The TC Electric experience begins by twisting the 'ignition' key to the normal start position. That act is followed by total silence -- no click of relays or electronic hum is audible. The same is true when the console-mounted shifter is moved from Park to the D position. To put the show on the road, the driver goes through that familiar ritual and then simply steps on the accelerator.
You've heard about the silent smoothness of electrics but many of them -- including Teslas -- generate prodigious amounts of gear and electrical whine. The TC Electric, however, is as silent and civil as a gracious butler. This powertrain responds enthusiastically to a prod of the pedal with barely a murmur.
It also answers the call with more than expected urge. The TC Electric slips into the flow of traffic and defends its honor without hesitating. It's got enough oomph under the hood to make its moves without apology.
We conducted a few acceleration measurements with VBox test gear to assess the TC Electric's performance. The best of three runs resulted in a zero-to-sixty time of 11.7 seconds. If that doesn't impress you, consider the fact that the gas-powered TC we tested last year beat this electric by only 0.6-seconds. That gap would be narrower if we had relieved the battery-powered edition of its parts shelves payload.
The gas model easily beats the electric on top speed with 90 mph available on a long run versus the electric's governed limit at 75 mph. Sustained high speeds rapidly deplete any electric car's battery so they are naturally discouraged.
A stop at the scales revealed that the TC conversion weighs 4500 pounds (including the parts racks and bins) versus 3420 pounds for the gas version. Illustrating the heft of batteries, 54-percent of the total mass is carried by the rear wheels. Since there are no notable upgrades to the TC's brakes or tires, braking distances are longer. We measured a 70-0 mph stop in 200 feet for the electric conversion versus 164 feet for the standard TC. The disc-drum ABS brake system performed normally.
While we conducted no specific handling tests, the TC Electric's low center of gravity results in minimal rock and roll during aggressive maneuvers. It feels quite stable, nicely planted, and predictable in its moves. It should have no difficulty handling a full rated load of 1000 pounds.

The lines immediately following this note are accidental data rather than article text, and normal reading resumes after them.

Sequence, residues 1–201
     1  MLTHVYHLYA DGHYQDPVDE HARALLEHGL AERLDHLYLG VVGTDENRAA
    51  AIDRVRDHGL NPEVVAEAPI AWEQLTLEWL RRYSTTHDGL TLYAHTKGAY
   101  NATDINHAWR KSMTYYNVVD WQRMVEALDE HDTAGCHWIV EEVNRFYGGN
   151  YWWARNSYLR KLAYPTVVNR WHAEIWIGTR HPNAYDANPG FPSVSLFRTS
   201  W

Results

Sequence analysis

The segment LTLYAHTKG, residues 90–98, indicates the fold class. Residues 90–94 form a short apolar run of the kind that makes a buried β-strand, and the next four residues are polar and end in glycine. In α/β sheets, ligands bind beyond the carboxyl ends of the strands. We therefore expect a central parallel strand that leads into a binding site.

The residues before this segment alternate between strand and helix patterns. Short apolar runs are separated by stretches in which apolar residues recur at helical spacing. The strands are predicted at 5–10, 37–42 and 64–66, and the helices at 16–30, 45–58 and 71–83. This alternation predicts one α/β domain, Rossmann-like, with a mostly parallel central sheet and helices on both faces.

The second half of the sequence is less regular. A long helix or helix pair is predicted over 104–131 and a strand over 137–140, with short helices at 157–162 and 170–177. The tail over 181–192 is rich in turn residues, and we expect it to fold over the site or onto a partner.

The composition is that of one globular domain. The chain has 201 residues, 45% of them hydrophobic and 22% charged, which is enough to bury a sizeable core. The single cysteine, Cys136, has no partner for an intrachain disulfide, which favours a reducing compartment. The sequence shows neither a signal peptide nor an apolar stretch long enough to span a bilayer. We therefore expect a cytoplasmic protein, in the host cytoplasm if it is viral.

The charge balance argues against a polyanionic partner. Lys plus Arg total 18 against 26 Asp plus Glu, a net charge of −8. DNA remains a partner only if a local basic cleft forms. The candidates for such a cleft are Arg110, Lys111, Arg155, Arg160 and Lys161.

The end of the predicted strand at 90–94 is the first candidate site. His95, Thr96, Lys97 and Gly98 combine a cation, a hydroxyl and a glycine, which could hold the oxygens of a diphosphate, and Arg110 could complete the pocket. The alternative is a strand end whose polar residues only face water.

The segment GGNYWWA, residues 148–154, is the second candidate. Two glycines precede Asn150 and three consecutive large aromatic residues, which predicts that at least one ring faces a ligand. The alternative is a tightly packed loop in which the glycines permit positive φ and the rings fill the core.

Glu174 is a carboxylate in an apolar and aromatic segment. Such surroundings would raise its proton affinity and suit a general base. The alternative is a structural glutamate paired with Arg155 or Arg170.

To accurately measure driving range, we started this review with a fully charged battery and a bit over 80 miles showing on the available range dial. We then maintained a log of our movements. During several hours of driving, we took photos, measured performance, and cruised suburban streets at moderate speeds. We also held 70 mph for 21 miles on a local interstate highway.
After 47 miles of driving -- including three flat-out runs from rest to 75 mph -- a turtle warning lamp lit up in the range dial. At that point, about five miles of operating range remained so we headed back to this journey's starting point. We arrived at that destination with 50.1 miles logged and about three miles of range remaining.
Azure's 80 mile range rating applies more to pure low-speed city and suburban driving which is less consumptive than our mix of city and highway driving. Also, deleting the three hard charges to top speed would have added several more miles to the range we recorded. As the EPA persistently advises, your mileage will vary.
After spending part of a day behind the wheel of the TC Electric, we'd conclude that the Ford and Azure Dynamics collaboration is an unqualified success. The electric systems are impressively well mannered, performance is commendable, and there's sufficient range to support the intended mission. Reduced operating costs -- attributable to the cheaper fuel and no tune-ups or oil changes -- will help alleviate the financial sting of the high purchase price.
So, if there were doubts in your mind about the viability of electric propulsion, chalk up the Transit Connect Electric as one more piece of evidence in favor of the powertrain of the future.